Helmut Schmidt, Published December 27 2012
Person of Your Year: Dilenschneider’s traits made year brighter for others in church
The Edgewood bunch crowded around a table to be included in the webcam’s view as they talked to Dilenschneider, and when it was over, one of them joked, “we must have looked like the Lord’s Supper, only with a whole lot of Norwegians and Germans,” Tweed said.
Apparently, Dilenschneider saw a crew of top-notch disciples in that chat, and they found themselves a good shepherd for the past 18 months.
In fact, Dilenschneider is so good with her flock that Tweed nominated her as a “Person of Your Year.”
“She is probably the most formally educated person I’ve ever known who still has an open heart and open mind and is welcoming of all kinds of thoughts and dreams,” Tweed said.
“I don’t know if she has the capacity to be mean about anything,” Tweed said. “She has so many skills …. and does an incredible job of teaching, and comforting, and making Scripture new.”
Dilenschneider, 57, embodies effervescence.
Words bubble out of her in a torrent. Happiness and energy fill her voice.
“Just a big, bright smile, and such glee. She’s just a person who brings joy,” Tweed said.
Dilenschneider decided to come to Fargo to get her psychology residency in part because funds for mental health were drying up in California.
“I said, ‘Gee, why not?’ I came to love it. And the weather’s not bad. I just love the snow and the ice rinks and the way people cope with the cold,” Dilenschneider said.
The Edgewood gig was supposed to be a part-time job while Dilenschneider did a psychology post-doctoral residency at Fargo’s Child and Family Therapy Associates.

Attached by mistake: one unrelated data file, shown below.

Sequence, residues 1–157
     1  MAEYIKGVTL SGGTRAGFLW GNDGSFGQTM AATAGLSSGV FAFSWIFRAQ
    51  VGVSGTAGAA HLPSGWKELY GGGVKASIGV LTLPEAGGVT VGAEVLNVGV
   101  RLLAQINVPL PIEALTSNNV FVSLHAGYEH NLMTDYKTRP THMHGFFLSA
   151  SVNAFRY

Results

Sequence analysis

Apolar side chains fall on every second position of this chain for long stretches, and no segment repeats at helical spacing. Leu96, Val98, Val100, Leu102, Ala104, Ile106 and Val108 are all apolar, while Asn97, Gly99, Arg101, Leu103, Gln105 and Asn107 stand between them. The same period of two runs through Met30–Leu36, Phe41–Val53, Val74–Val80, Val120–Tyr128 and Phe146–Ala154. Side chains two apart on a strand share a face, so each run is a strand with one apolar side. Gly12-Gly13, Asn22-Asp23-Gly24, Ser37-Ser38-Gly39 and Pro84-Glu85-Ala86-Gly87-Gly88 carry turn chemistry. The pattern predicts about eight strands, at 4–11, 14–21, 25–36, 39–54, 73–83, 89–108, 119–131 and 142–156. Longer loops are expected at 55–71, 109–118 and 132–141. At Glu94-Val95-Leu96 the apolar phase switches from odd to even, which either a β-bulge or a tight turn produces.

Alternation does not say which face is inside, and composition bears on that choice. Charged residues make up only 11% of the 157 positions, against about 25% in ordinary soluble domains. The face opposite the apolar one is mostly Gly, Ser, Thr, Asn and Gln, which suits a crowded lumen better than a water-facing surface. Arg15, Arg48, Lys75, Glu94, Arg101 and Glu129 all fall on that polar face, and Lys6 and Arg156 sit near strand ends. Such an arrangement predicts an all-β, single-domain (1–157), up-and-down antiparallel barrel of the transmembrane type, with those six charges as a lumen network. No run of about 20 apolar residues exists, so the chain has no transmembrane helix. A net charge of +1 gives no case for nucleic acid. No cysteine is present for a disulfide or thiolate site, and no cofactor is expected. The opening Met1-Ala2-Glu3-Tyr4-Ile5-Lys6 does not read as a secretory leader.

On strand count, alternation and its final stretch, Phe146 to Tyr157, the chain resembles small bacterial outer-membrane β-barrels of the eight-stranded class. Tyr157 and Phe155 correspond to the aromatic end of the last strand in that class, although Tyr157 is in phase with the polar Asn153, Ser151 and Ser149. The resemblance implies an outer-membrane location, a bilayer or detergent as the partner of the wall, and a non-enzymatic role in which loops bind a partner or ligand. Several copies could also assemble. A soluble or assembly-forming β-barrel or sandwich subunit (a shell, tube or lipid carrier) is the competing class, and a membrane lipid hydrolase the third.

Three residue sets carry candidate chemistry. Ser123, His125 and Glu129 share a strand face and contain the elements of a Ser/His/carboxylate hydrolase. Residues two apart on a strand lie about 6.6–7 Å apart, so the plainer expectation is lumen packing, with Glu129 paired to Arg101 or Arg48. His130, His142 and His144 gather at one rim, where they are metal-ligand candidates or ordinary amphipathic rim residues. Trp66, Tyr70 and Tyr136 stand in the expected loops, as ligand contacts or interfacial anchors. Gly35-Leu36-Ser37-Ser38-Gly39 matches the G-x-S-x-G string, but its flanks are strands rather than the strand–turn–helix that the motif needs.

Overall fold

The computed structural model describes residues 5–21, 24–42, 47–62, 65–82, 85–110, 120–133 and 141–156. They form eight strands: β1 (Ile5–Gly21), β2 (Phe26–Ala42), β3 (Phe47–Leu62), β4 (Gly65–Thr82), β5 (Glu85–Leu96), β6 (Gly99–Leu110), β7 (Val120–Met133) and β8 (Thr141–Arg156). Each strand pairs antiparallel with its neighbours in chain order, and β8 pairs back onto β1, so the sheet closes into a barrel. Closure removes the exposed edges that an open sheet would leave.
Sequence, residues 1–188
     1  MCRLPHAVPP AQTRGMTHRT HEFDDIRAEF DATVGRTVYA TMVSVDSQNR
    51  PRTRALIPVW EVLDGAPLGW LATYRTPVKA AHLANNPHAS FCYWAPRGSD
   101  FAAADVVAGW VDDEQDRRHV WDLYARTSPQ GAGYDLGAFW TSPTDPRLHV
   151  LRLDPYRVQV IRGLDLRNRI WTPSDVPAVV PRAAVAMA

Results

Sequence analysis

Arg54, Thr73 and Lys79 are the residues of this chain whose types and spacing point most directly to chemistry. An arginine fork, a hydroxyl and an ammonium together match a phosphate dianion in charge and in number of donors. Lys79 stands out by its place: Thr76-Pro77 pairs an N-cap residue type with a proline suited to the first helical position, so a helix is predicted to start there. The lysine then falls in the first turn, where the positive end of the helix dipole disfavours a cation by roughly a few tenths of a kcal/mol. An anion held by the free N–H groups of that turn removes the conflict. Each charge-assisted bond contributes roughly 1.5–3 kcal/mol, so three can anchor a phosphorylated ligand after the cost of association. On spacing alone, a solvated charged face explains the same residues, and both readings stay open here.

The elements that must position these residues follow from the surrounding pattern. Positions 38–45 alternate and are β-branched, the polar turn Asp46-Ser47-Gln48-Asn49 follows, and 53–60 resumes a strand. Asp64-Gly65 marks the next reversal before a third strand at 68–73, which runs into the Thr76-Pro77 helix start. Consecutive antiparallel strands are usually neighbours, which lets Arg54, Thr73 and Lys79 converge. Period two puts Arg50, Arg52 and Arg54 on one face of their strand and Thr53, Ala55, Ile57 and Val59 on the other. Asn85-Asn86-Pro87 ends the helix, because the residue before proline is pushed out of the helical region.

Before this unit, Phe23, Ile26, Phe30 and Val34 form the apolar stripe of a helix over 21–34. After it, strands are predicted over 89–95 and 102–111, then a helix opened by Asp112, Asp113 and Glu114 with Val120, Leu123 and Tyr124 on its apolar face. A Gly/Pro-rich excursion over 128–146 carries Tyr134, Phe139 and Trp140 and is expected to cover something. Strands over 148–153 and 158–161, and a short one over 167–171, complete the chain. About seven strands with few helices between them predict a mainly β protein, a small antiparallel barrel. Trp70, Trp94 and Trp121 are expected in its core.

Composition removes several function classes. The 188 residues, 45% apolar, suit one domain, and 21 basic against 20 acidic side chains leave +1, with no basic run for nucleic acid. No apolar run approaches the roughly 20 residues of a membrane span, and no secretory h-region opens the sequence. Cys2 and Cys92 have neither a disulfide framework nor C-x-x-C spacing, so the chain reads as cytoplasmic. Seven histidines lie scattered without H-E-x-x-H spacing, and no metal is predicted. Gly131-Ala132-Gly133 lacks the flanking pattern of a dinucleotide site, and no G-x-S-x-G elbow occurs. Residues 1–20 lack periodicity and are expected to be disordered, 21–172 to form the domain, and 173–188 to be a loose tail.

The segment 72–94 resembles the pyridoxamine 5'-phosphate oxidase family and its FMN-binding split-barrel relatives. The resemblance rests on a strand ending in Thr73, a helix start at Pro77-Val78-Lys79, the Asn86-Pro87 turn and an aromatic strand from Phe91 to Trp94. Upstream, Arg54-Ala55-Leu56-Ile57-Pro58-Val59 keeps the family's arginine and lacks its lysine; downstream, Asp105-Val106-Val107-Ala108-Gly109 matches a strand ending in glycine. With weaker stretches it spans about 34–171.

But she’s given Edgewood UMC full-time vigor.
Dilenschneider has been there for births and deaths, reached out to the elderly and revitalized worship, Tweed said.
She’s also helped the church through the tough decision to move from its building because of mold problems. Services now are held at First United Methodist Church.
“There’s an atmosphere of nothing you say is stupid. Everything and everyone is valuable,” Tweed said. “She is just a real star for me.”
In turn, Dilenschneider praises the Edgewood congregation’s mission work, particularly in helping the area’s homeless.
“It’s a great bunch of people. For me, it’s been a privilege to get to know them,” Dilenschneider said.
“If I had just come to do clinical psychology, I would have missed out on so many things, including lutefisk.”
Dilenschneider was born in Maryland, but grew up in Columbus, Ohio, and attended the University of Notre Dame.
After a stop in St. Louis, she moved to California, where she lived for 30 years. She attended a seminary and started pastoral work in 1987, earning a doctorate in divinity in 2000 and a doctorate in psychology in 2010.
“So I’m way overeducated!” Dilenschneider said.
A mother of four and grandmother of two, she next will work as a clinician at Sioux Falls Psychological Services. She’ll also teach at Sioux Falls Seminary.
While in Sioux Falls, she also looks forward to working with the North American Institute for Indigenous Theological Studies.
“I just keep following the breadcrumbs. That’s how I describe my life,” Dilenschneider said.
Tweed, for her part, says Sioux Falls and its seminary is getting a great deal when they get Dilenschneider.
“I’m just really grateful,” Tweed said. “I think God brought her to this part of the country to help the greater church and the greater community.”
Readers can reach Forum reporter Helmut Schmidt at (701) 241-5583
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